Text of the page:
Optimiser la validité des comportements observés sur simulateur de conduite : Etude des interactions entre Immersion, présence et comportement.

  • Deniaud Christophe

  • Driving perdormance Virtual environment
  • Validity of driving simulators
  • Virtual reality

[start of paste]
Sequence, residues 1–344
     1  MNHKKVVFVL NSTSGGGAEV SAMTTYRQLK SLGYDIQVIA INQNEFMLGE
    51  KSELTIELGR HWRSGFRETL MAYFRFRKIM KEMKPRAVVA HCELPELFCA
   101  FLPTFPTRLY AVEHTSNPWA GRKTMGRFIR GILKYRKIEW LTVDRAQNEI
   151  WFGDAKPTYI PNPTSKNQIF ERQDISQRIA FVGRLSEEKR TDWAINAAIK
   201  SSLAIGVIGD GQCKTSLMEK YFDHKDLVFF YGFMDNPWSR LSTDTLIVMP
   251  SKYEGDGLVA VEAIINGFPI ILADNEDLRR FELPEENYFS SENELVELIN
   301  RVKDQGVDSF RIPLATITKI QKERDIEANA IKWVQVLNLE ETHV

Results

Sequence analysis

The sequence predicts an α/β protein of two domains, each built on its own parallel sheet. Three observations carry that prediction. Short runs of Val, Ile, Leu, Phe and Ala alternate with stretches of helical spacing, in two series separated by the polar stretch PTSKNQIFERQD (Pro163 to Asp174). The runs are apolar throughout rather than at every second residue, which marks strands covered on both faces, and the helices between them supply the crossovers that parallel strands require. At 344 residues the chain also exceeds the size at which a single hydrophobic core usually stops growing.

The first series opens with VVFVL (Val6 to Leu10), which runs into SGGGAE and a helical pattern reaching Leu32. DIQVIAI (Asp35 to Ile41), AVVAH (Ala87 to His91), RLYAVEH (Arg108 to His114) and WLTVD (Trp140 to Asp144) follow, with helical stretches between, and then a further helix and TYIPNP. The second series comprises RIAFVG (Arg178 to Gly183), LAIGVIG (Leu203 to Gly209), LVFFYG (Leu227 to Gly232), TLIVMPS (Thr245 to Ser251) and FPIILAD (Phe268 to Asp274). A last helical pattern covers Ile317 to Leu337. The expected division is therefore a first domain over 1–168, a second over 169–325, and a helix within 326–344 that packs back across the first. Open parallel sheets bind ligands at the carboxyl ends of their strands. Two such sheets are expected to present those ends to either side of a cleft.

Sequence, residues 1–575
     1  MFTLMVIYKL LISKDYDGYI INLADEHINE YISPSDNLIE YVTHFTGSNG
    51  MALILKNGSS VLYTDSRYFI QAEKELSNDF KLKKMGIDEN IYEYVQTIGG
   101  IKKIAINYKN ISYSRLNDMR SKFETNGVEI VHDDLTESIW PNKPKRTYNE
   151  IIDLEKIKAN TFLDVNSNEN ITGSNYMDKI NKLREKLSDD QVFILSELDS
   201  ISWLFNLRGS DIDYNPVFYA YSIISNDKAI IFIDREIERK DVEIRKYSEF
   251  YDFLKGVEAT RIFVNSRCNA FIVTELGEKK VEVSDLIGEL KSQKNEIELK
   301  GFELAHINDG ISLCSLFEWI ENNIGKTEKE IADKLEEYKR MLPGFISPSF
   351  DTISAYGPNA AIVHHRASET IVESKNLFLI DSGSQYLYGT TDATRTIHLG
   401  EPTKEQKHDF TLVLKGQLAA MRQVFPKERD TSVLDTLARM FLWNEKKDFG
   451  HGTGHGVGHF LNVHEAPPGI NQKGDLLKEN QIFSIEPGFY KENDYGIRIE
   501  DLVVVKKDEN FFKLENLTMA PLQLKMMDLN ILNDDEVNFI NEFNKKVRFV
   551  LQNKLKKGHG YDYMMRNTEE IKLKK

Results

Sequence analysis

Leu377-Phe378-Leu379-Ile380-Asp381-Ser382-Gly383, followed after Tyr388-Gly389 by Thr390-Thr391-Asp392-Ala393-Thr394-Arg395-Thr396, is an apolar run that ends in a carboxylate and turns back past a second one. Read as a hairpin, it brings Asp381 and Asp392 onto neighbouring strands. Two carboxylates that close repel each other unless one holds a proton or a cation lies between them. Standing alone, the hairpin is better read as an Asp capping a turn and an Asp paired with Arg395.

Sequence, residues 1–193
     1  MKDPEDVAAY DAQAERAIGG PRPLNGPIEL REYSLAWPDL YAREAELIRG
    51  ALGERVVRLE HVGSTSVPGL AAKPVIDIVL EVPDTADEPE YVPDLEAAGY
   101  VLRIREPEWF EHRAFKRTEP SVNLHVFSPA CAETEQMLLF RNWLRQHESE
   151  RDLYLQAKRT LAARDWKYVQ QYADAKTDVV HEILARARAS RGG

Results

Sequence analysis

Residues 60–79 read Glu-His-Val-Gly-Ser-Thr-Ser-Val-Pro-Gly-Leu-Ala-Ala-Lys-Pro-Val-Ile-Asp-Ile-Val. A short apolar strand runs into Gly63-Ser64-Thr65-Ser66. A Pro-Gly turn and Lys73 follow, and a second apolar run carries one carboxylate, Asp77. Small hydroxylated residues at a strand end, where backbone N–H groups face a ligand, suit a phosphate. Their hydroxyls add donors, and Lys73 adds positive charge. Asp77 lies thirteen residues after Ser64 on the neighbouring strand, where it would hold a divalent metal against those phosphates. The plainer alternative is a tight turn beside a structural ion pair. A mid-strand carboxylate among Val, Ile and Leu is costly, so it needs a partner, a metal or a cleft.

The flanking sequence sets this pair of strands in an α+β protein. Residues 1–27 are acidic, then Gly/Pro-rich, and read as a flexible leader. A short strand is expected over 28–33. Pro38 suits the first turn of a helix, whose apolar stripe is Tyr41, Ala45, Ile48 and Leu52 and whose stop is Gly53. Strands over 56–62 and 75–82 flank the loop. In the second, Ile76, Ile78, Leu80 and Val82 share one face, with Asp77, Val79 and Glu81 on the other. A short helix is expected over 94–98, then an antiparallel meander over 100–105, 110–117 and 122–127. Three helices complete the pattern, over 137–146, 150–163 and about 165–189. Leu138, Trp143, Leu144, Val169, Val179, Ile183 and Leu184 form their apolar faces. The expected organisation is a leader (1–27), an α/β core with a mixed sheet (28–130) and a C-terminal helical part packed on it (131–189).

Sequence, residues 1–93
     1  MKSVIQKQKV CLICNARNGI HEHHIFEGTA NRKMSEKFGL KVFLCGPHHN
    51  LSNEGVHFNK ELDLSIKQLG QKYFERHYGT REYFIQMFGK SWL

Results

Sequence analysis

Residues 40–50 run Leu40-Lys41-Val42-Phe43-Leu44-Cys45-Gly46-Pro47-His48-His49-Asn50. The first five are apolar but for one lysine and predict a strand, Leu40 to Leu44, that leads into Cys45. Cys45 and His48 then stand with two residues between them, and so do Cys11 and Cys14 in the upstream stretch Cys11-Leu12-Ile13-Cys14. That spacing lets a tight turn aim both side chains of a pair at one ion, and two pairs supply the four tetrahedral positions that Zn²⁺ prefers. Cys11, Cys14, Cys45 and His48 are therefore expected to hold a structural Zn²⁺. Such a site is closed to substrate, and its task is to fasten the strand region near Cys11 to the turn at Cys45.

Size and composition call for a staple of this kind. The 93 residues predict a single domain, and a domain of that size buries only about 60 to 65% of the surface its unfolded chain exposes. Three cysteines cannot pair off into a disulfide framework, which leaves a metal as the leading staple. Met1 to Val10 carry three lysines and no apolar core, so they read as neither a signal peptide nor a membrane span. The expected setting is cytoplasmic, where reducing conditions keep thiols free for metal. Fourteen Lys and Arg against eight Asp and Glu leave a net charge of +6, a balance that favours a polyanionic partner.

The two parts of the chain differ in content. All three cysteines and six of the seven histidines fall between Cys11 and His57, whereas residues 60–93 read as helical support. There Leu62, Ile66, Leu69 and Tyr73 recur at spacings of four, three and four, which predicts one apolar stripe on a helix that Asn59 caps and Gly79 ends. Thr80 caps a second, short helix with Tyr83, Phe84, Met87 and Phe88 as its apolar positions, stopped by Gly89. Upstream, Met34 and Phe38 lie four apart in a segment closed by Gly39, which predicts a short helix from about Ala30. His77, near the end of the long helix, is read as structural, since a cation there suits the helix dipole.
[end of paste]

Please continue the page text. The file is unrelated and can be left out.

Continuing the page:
In the field of driving, the use of simulation in virtual environment is based at present on considerations of road safety and usability of systems of assistance to the driving. Driving simulators therefore make it possible to study human behavior under different conditions fixed experimentally. A major advantage of the simulation is that it does not expose the subject to objective risk and that the test conditions are "easily" implemented and manipulated. The use of simulation nevertheless raises the question of the generalization and transposition of the behaviors observed in simulation to the actual driving situation. Indeed, it is necessary to ensure that the simulator accurately measures the object of study without modifying or influencing it. Evaluation of the degree of validity is therefore crucial in any simulator study that seeks to elicit realistic behaviors of drivers. Driving simulation is one of the components of virtual reality, the purpose of which is to allow a person (or several) a sensori-motor and cognitive activity in an artificial world, created digitally. The design of virtual environments, however, has for too long been based on considerations focused on optimizing a high degree of realism. This techno centric approach to immersion and interaction seems outdated and it is widely accepted the need to adopt an anthropocentric approach in order to allow a man placed in a virtual environment to perceive himself as a full-fledged user. The interaction of an individual in the virtual world is a transposition of the loop perception, cognition, action of human behavior in the real world. Immersion in a virtual world can not be the same as that in the real world, the user has learned to act naturally in a real and non-virtual world (without sensory-motor biases), some authors then speak of immersion natural pseudo. In the same way, a user perceives and acts physically with the entities and elements of the virtual world without this always translating into physical sensory motor activity. This fact prevents us from grasping virtual reality as a simple copy of the real world. Thus immersion (in the sense of the sensorimotor contingencies allowed by the simulator) is a necessary but not sufficient condition for the virtual expression of a performance representative of the real driving situation. Faced with this problem, a concept, emerging from the beginnings of virtual reality in the 1980s, seems to address the question of the "ecological" validity of behaviors observed on a simulator: the concept of presence. This multidimensional concept is seen as the ability of individuals to adopt a behavior similar to that of everyday life and therefore their propensity to react to the various stimuli as if they were real. The postulate of our work therefore rests on the idea that presence is a key concept to evaluate the representativeness of driving behaviors observed in simulation. However, several difficulties will have to be resolved. One of the most crucial is that presence is hardly measurable in real time since the very fact of trying to measure it can break the state of presence more or less existing. Thus obtaining behavioral indicators of presence constitutes a real stake to characterize the nature of a phenomenon which at the moment is more fantasized by means of post-experimentation measures than concretely demonstrated by the demonstration of reproducible specific behaviors . 9 The objective of our work is thus to be able to highlight the determinants of the presence in order to develop and calibrate measurement tools capable of evaluating the ecological validity of the behaviors observed in the driving simulators. The aim of this thesis work is to propose a set of concrete and operational recommendations for the development of experimental protocols aiming to optimize the presence in driving simulators